The BPCI Initiative was launched in 2013. The graph presents hospital-condition pairs because hospitals could join for 1 condition in 1 quarter and another in subsequent quarters, and similarly could drop out for each condition independently.
aEach quarter began on the first day of the month.
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Joynt Maddox KE, Orav EJ, Zheng J, Epstein AM. Participation and Dropout in the Bundled Payments for Care Improvement Initiative. JAMA. 2018;319(2):191–193. doi:10.1001/jama.2017.14771
The Centers for Medicare & Medicaid Innovation launched the Bundled Payments for Care Improvement (BPCI) Initiative in 2013,1 a voluntary alternative payment model that holds participating hospitals, practices, or facilities accountable for quality and costs in 30-, 60-, or 90-day episodes of care. Participants can join for as many or as few of 48 eligible conditions as they wish and drop out without penalty. If cost targets are achieved, participants keep a portion of the savings; if cost targets are exceeded, participants reimburse Medicare a portion of the difference.
To our knowledge, no published data characterize participation or dropout from the risk-bearing phase of this program. Such information is important because voluntary alternative payment models are a key element in Medicare’s strategy to improve quality and costs of care.2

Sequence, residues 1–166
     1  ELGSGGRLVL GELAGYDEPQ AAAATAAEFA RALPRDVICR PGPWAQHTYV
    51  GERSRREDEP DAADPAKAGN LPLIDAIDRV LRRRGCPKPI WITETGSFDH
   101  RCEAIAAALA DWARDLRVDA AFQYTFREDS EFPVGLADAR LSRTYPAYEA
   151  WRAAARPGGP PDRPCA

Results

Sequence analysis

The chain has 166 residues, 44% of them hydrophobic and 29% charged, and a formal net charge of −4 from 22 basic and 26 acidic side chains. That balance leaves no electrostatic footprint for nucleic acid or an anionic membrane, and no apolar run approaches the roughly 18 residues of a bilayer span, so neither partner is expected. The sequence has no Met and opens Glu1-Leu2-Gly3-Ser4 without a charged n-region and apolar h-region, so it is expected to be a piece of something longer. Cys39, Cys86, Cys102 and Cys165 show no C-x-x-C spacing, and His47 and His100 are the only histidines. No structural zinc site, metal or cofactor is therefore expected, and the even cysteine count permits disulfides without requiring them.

We evaluated model 2, which includes inpatient and post–acute spending and is the track selected by more than 99% of hospitals in BCPI. Hospitals could enroll for any of 48 conditions beginning in October 2013. We obtained quarterly public data sets from Medicare covering January 2014 through January 2017, which list participating hospitals and their planned end dates. Dropouts were defined as hospitals that initiated participation but were absent from participant lists prior to their planned end date. Hospital characteristics were obtained from the 2014 American Hospital Association Annual Survey Database.
Wilcoxon, χ2, and t tests were used to compare participating hospitals with nonparticipating hospitals. Adjusted odds ratios (aORs) of dropout were calculated for hospital-condition pairs using logistic regression with clustering by hospital. Kaplan-Meier calculations were used to estimate time to dropout, censoring hospitals still active as of January 2017.